Transitional Opportunities for Dead End careers

By duprleo ·
I am currently a script writer for FTP transmissions for various financial institutions. The Job and Pay is steady but there is no career path. What I do is pretty specialized and what I am finding out is there are other people out there that are in the exact same corner, basement as me. I have value but I do not think I posses any real skills that can be applied outside my job other than Unix. I am about a mile wide in terms of technologies I touch but only an inch deep. So the key (before the pink slip comes) is to find out what is available. I was asking about certifications or training in the area of internet security? I am using this stuff to transmitt some really secure stuff but that is all I do.. I do have to know Unix Scripting, and FTP Protocols.. PGP, SSH, SSL, which is neat but how do I parlay that into something more? I was thinking of Pursuing Cicso Router Training but wanted to know how much that could be applied to internet security. I am an old timer and even though I have done other things I figue I could stay in what I am doing otherwise I will have to do something else?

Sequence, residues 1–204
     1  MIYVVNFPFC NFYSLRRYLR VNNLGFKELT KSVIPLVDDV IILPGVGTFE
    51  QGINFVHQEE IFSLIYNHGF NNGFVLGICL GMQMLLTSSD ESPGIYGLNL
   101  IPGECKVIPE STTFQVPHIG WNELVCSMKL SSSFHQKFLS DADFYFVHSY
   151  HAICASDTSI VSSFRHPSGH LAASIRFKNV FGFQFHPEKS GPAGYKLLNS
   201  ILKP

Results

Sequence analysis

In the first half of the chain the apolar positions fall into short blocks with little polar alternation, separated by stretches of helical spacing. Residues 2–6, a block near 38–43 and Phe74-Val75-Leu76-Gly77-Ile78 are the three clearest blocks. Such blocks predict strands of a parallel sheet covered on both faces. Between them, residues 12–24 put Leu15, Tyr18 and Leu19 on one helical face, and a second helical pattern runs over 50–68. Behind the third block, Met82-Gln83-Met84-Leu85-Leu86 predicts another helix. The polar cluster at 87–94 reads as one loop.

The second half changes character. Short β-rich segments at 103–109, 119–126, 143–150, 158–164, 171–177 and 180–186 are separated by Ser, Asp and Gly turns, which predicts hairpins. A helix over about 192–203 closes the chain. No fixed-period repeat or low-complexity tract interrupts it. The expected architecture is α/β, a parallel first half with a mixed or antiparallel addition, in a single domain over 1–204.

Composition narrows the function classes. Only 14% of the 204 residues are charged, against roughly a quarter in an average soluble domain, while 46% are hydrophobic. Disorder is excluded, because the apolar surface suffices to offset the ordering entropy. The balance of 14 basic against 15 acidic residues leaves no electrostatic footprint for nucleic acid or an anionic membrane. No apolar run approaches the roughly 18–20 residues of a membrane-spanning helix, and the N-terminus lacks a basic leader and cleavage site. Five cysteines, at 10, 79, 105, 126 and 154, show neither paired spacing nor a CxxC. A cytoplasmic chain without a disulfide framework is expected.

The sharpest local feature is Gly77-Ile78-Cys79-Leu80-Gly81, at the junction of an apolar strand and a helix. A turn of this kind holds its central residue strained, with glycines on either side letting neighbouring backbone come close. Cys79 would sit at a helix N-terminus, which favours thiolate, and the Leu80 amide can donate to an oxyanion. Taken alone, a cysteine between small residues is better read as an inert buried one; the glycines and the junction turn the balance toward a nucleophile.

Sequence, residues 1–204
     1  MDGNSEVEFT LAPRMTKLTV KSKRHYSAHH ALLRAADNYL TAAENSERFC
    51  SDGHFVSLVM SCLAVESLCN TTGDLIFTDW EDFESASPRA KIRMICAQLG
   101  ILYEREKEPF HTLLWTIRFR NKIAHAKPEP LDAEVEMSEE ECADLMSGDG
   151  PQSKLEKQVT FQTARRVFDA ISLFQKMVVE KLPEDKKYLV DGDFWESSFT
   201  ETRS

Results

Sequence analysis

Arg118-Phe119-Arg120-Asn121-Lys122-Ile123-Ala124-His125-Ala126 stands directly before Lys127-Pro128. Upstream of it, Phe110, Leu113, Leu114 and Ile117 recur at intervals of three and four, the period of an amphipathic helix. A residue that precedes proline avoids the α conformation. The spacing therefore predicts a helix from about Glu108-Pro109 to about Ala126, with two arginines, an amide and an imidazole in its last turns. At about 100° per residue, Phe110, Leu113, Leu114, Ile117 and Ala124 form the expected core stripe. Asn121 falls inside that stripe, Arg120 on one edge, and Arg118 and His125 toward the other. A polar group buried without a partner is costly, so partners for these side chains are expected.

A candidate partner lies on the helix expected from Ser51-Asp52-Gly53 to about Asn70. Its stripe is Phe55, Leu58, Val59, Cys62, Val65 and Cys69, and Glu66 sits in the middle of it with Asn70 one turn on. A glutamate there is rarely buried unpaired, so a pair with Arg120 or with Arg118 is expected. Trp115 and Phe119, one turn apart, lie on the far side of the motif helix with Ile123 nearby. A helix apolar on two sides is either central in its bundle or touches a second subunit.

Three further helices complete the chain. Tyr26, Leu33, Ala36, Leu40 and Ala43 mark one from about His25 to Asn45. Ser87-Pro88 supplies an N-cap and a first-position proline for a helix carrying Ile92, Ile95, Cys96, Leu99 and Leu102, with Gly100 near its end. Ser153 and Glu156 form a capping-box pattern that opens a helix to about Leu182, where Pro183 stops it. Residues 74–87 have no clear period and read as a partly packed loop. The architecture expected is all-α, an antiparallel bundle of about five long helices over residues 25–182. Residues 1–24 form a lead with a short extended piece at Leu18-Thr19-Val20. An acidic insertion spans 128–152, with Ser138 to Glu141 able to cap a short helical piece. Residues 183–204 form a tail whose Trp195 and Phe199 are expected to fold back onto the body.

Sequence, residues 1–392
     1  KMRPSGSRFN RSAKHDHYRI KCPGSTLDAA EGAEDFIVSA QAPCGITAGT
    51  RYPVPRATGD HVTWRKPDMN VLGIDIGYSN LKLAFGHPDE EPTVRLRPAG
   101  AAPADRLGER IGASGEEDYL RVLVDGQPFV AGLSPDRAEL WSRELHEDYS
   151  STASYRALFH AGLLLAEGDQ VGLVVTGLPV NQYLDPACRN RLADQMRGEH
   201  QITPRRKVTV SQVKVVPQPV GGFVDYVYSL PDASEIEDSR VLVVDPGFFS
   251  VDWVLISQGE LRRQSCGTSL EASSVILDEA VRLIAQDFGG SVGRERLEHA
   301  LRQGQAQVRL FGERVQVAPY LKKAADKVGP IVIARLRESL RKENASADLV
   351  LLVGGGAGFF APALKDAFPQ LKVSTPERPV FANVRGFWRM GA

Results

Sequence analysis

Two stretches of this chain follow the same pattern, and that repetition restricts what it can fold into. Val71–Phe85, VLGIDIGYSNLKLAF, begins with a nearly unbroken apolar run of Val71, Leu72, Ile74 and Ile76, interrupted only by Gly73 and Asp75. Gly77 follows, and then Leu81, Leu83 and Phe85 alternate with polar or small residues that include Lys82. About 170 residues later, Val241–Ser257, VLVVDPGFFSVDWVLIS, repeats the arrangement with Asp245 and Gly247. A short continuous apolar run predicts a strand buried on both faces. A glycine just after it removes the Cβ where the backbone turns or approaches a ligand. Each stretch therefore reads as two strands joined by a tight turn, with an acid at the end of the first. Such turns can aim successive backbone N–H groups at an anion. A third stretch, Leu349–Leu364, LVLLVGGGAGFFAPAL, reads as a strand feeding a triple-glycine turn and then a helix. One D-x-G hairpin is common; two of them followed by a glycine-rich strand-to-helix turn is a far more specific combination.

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About Career Obsolesence

by TCDood In reply to Transitional Opportunitie ...

I am in a similar boat. I have been in the I.T. arena for about 15 years. I have worked with Windows, Linux, Unix, Novell. I have followed the I.T. path to mostly small (100 or less employees) companies. Although I have taken bunches of training courses, the big companies, don't want to look at me, because of my limited enterprise experience. I think your thinking of Internet Security is good. You know more about security then I probably ever will, because your life (and career) depends on it. My last interview, before my present job, said either you must have done it, or have a certificate saying you can do it.
I think you should look at Cisco, because they are the biggest. That gives you background with Switches, Routers, TCP/IP, protocols, and networking. Add to that your background with Unix, and you have some pieces of the "BACK OFFICE" stuff. The A+/Network+/Security+ stuff is also valuable. Remember, you are trying to convince a hiring manager that you know what you are doing. It is stupid, but sometimes you cannot get to someone without letters after your name (i.e. MSCE, CCNA, CISSP, A+). You probably have enough knowledge to pass the A+, if you have done any hardware work. Some companies won't let you touch hardware without it!!
My $0.02

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